Tirana was in my first experience, jarring to my senses. I still had a European mindset and expectation when it came to Albania, but what I had scene was more of what I had experienced in Africa: Unfinished buildings, an emergence from an archaic mindset or war strewn past. But Tirana gave me that same feel with the added feeling of Mexican border town. The city to me seemed dirty, congested, polluted and over populated. I was not at all intrigued by it at first, but then again that first night I suffered an eye infection that left me blind and bed ridden for a day and a half so that as well could have dampened my spirits and outlook on Tirana.
When I returned back to Tirana which has now been well over 20 times I have found something new and mesmerizing about it each time. Now Tirana holds a deep fondness in my heart and I love any opportunity to go there. Tirana is the heart and soul of this country. Everything important, interesting, news worthy, and cultural runs through their capital city. The city will initially have a grungy almost dirty feel to it, but that will soon pass as you find the right places to visit. Again, there are not a lot of tourists here, but there are a lot more here than there are in any other city. In my visits it was not until like my 20th visit that I ran into a lady from Holland traveling through Albanian by herself, a Scottish couple backpacking through the area as well and later a lady from Malaysia doing some long term travel through Albania. Three travelers, not one tourist in one day- this when I had met only one traveler in my time in Albania.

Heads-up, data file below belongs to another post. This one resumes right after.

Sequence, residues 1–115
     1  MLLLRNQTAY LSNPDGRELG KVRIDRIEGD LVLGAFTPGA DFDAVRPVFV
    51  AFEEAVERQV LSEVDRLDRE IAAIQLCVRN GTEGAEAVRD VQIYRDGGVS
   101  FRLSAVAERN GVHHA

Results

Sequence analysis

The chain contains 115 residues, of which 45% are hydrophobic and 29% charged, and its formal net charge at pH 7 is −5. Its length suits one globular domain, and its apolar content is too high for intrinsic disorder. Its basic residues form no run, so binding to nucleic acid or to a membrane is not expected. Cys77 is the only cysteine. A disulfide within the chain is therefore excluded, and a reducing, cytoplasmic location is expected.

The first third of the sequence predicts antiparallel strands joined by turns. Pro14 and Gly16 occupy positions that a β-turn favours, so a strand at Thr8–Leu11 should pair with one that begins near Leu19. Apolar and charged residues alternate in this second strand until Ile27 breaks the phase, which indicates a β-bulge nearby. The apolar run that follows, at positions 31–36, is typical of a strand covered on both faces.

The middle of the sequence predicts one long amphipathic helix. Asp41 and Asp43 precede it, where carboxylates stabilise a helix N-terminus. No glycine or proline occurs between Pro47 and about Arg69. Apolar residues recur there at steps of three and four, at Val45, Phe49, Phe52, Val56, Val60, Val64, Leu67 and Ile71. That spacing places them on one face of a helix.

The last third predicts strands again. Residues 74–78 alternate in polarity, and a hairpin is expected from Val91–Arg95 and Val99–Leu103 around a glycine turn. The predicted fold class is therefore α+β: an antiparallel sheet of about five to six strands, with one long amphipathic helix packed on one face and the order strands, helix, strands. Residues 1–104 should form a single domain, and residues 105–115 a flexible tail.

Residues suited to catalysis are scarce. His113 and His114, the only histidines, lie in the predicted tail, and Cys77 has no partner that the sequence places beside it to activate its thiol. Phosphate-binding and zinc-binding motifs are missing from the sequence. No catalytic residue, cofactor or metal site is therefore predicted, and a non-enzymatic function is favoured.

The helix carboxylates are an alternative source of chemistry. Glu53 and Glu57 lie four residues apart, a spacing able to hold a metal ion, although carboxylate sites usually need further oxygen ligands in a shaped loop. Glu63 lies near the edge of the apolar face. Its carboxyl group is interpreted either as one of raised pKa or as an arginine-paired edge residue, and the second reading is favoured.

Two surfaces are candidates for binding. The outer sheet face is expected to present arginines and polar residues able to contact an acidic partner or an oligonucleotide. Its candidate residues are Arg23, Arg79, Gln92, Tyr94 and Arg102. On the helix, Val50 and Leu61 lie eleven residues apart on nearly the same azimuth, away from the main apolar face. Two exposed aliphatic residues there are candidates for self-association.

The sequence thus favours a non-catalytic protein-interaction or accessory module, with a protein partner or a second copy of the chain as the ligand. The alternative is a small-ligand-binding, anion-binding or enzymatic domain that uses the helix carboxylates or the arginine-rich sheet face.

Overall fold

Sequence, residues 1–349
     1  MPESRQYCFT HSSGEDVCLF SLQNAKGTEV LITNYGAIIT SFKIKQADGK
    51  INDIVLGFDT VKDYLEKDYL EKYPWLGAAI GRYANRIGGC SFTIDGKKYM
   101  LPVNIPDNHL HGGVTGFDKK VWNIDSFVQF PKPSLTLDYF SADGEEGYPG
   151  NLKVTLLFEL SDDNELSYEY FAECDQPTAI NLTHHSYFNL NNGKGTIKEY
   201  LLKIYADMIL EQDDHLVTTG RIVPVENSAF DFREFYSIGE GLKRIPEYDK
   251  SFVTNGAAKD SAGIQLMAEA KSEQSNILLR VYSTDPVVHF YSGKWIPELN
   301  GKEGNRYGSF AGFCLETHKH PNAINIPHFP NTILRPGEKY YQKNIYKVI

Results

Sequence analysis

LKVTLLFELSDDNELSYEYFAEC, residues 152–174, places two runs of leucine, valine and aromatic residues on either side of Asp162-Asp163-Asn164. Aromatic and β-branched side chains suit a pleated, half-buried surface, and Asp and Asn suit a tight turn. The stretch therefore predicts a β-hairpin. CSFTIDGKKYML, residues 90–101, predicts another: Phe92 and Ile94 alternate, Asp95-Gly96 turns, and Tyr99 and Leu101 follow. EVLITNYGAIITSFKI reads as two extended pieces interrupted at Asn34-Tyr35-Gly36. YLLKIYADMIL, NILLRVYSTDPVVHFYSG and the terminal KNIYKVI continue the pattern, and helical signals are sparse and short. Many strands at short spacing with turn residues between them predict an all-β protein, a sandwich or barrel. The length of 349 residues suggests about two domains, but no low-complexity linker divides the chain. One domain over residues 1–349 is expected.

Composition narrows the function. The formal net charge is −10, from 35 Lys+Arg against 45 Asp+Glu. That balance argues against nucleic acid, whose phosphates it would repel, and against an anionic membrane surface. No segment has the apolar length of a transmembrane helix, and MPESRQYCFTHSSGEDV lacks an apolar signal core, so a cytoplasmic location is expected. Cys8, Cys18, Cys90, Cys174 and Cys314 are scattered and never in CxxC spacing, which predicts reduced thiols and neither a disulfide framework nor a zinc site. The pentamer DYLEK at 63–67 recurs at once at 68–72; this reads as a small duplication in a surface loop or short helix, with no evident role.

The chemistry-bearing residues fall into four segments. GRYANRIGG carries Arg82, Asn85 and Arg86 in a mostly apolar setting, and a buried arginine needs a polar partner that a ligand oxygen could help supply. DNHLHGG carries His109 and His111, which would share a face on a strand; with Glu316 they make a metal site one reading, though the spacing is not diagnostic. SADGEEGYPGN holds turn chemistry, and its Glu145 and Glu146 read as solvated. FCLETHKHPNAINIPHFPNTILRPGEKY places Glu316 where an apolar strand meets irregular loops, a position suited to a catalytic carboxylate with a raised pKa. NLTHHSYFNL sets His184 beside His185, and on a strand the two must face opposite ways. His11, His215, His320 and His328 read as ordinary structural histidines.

Foreigners here, like I’ve stated have a certain bond to them. I believe that if you are here you are automatically in a minority group and this helps you bond quickly. Albanians are friendly and they very helpful, but they also don’t hold certain western manners most foreigners are use to. They will stare right at you if you are any different than them. At first it is cultural and nice, but after months or weeks of this it grows very tiring. Tirana is one of your rare breaks from this, as the people are much more use to foreigners than any other town or city in Albania. Still, when one foreigner meets another here it is almost courteous to at least say hi or even offer if they need any help navigating anything. I’m sure not all travelers have had such an experience but with everyone I know it is this way. If I see someone from Korea or from Europe or anywhere I will stop to say hi and at least get their story as to why their here. I totally respect the people who wanted to travel through here just to see what this unknown country holds.
As for Tirana as a city, from the center, where the Skanderbeg statue is located, as is the Islamic Mosque and their National Museum, you can reach anything significant within a ten to fifteen minute walk. Two places to note for navigation purposes is the main Blvd. with the "river" running through it. Really the "river" is a smelly little stream. From the main Blvd you can navigate any place you need to get. I believe it runs roughly north/south so everything from it is either west or east. My favorite street in Albania is Qasmil Ismail. On it you can find three of my favorite café’s, Coli, Diesel and Insomnia, all without nice outside furniture, large comfortable chairs and a great atmosphere ‘cause they sit one next to another, so you can find some the coolest and most modern Albanians in this area. Also, Era café and Lincoln Center are located and I will cover these places in my reviews, as I will the café’s. Another favorite places of mine have been the European Trade Center, located off the main Blvd. hard to miss, maybe the tallest building in the city. Great café’s, a modern grocery store and some stores to do some western type of shopping with western type of prices.